Start New Discussion within our Software Development Community

In the following program how does the line r.size = 150, 100 actually set the values using this line -> size = property(getSize, setSize)? property has two arguments, getSize & setSize, it seems to me that would only allow it so get one value and set one value.

#!/usr/bin/python3

class Rectangle:
    def __init__(self):
        self.width = 0
        self.height = 0

    def setSize(self, size):
        self.width, self.height = size

    def getSize(self):
        return self.width, self.height

    size = property(getSize, setSize)

r = Rectangle()
r.width = 10
r.height = 5
print(r.size)

r.size = 150, 100
print(r.width)

Also, what are some small projects I can do the improve me python OOP?

The assignment statement

r.size = 150, 100

is equivalent to

r.size = (150, 100)

As far as python's syntax is concerned, a single value is assigned, which is a tuple with 2 elements.

Also note the use of decorators to declare properties:

class Rectangle:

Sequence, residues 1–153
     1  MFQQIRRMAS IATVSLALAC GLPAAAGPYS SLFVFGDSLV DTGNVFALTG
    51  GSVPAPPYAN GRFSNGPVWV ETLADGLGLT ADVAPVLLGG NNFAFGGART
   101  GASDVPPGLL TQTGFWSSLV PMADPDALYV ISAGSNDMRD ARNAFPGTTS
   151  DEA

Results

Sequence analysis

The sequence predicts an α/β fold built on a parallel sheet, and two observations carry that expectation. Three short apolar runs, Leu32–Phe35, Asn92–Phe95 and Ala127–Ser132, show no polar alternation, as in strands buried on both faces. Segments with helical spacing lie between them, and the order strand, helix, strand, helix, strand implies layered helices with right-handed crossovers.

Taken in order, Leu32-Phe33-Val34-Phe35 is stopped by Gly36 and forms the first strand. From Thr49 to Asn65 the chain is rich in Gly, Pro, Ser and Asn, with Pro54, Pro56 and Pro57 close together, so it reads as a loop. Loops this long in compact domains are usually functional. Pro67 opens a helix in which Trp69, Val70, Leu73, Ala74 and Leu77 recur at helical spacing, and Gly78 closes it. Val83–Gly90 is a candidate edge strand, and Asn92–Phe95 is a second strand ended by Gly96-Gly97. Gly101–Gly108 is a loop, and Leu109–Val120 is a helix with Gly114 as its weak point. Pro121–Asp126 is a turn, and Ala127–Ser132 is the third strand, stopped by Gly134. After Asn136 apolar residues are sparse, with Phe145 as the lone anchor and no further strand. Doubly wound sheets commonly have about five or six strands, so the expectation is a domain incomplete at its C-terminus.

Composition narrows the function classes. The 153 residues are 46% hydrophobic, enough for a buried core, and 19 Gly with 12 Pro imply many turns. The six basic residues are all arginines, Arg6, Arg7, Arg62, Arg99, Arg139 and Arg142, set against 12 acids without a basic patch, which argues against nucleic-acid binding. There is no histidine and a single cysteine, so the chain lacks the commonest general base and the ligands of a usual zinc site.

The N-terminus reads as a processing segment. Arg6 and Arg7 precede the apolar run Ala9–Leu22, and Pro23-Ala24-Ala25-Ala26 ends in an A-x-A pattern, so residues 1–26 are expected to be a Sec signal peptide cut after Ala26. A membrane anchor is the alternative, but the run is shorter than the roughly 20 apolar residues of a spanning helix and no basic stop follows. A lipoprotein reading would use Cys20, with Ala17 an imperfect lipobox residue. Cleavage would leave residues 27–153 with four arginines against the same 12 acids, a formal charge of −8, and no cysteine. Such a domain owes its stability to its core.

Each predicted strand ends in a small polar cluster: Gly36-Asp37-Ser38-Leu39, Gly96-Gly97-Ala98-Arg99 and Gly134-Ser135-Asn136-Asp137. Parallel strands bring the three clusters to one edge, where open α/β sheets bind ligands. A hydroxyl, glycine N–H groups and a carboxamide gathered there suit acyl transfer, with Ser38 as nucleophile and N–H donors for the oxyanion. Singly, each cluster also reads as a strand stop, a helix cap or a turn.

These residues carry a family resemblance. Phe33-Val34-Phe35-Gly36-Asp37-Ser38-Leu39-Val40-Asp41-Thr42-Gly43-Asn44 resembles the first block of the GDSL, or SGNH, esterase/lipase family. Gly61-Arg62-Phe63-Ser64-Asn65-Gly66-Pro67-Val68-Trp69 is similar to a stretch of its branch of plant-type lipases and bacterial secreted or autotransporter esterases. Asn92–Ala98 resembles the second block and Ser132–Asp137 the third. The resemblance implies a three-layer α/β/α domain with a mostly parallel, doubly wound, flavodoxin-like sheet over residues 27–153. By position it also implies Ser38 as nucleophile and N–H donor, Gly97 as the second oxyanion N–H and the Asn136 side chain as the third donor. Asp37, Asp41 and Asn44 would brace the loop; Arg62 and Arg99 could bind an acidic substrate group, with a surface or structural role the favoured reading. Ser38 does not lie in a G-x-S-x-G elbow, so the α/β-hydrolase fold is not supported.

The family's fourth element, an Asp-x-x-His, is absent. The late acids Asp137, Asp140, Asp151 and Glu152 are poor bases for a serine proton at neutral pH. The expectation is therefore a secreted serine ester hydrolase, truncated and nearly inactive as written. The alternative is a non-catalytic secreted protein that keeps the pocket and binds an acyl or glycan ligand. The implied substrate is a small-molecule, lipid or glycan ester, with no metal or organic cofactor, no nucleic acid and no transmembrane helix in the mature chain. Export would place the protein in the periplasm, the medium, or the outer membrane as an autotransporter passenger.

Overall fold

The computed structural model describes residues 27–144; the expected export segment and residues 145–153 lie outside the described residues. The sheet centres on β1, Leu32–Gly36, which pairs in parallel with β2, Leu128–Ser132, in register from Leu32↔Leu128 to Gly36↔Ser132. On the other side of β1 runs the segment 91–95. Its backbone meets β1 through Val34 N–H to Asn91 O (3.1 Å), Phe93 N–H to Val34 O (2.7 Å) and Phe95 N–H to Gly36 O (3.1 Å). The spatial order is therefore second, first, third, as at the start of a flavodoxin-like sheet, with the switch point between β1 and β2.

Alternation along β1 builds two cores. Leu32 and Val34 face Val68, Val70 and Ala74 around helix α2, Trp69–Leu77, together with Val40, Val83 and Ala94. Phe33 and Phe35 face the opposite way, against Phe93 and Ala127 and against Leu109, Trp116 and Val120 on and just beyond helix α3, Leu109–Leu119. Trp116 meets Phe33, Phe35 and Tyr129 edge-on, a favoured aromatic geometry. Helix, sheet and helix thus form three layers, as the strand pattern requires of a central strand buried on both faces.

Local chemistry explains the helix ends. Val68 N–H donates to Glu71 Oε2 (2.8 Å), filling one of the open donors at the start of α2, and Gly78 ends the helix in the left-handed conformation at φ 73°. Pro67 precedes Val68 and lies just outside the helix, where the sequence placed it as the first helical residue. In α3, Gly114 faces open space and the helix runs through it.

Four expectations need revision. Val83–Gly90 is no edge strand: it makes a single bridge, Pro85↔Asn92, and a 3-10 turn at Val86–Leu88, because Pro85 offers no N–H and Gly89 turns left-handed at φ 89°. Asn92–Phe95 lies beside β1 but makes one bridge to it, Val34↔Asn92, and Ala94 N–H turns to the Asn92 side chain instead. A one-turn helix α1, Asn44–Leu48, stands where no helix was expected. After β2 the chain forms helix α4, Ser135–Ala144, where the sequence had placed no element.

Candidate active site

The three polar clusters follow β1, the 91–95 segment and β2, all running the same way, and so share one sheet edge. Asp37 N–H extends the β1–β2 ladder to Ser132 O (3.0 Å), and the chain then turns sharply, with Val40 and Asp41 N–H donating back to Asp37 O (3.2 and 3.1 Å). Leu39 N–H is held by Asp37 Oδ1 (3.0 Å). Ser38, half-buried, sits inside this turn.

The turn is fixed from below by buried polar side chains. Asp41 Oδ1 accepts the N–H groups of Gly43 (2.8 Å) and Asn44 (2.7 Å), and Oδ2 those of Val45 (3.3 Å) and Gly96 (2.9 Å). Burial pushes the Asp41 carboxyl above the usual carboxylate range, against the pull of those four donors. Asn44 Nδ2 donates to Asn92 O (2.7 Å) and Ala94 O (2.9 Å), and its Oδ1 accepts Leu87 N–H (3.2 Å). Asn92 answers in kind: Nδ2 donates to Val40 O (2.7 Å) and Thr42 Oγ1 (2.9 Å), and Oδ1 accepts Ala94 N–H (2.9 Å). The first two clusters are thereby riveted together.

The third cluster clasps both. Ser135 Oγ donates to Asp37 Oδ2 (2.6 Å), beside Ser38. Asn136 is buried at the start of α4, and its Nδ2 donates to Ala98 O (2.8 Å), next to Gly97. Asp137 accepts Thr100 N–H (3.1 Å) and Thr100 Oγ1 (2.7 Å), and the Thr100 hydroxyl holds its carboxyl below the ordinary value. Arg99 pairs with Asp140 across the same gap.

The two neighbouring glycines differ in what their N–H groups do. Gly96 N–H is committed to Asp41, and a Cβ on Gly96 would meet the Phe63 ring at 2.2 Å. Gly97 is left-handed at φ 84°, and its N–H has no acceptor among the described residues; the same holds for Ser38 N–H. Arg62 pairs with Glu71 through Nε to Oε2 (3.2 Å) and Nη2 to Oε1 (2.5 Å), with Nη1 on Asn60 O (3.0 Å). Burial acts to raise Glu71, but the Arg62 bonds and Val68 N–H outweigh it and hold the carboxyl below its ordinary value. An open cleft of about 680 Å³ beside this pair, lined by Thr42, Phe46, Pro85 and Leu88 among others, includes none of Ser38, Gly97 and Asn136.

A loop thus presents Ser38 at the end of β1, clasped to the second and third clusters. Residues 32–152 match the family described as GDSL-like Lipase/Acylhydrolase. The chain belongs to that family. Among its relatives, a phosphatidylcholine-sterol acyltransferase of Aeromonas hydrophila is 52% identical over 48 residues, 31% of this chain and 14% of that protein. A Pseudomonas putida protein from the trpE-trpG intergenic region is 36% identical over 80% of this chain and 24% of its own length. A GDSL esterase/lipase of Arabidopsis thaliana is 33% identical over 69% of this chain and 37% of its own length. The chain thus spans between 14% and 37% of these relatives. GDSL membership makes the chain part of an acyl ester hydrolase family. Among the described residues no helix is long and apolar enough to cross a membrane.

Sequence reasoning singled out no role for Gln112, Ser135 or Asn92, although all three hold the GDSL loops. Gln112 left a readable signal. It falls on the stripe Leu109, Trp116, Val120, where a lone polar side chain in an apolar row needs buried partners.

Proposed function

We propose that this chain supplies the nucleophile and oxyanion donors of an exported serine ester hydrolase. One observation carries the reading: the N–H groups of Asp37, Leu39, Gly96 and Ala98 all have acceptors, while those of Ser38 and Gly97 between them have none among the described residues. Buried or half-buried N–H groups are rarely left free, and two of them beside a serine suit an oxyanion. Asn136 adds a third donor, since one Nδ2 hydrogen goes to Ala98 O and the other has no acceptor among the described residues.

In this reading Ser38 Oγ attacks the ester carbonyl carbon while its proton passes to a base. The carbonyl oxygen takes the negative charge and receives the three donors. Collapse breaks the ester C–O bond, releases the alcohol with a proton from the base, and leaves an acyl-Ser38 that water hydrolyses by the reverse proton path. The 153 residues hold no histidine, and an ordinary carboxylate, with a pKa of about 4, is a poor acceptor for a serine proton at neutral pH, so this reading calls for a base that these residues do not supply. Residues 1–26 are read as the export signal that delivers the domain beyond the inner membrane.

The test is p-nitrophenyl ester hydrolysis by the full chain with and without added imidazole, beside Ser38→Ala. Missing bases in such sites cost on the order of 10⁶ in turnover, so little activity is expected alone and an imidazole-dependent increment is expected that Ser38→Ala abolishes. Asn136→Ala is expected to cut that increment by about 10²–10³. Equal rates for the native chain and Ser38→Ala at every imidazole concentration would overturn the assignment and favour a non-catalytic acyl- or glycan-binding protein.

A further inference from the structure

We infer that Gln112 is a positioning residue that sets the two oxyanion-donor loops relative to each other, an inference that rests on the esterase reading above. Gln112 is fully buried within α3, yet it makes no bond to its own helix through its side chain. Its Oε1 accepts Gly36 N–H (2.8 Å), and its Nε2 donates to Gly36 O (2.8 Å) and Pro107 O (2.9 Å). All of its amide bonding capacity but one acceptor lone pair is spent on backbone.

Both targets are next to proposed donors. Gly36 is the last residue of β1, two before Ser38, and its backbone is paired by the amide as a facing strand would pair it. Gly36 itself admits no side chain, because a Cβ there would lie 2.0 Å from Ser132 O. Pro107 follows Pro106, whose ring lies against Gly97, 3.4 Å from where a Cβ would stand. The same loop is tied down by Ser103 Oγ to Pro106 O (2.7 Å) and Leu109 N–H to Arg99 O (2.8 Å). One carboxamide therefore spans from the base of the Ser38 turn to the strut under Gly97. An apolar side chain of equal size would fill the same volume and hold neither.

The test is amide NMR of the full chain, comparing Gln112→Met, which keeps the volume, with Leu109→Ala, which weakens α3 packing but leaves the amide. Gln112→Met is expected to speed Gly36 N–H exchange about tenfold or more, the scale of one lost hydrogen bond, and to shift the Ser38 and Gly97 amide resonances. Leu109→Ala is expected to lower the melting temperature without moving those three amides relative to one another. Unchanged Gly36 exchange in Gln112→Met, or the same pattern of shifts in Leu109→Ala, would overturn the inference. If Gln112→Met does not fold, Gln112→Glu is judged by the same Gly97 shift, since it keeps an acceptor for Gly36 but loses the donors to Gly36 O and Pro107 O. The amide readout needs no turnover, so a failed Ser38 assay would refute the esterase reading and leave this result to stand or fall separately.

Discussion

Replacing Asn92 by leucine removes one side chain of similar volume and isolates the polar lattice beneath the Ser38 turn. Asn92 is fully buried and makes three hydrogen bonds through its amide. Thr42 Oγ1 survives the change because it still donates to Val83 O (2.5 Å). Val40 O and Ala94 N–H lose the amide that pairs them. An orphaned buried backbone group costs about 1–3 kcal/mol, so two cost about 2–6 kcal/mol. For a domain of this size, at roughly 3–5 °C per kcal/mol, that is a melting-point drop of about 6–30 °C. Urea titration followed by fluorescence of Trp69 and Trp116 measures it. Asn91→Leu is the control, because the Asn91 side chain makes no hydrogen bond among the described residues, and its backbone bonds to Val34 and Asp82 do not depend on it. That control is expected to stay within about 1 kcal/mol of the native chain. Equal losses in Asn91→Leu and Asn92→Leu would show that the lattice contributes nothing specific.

def __init__(self):
        self.width = 0
        self.height = 0

    @property
    def size(self):
        return self.width, self.height

    @size.setter
    def setSize(self, size):
        self.width, self.height = size

r = Rectangle()
r.width = 10
r.height = 5
print(r.size)
r.size = 150, 100
print(r.width)

Did you check the projects for the beginner thread ?

Edit Notice that the same code runs correctly in python 2 only if Rectangle is declared with class Rectangle(object):. Otherwise it is an old style class in the sense of python 2 terminology, that is to say a survivor on Python 1's heroic era, and the property won't work as expected. Worse, there will be no warning !

This article has been dead for over six months. Start a new discussion instead.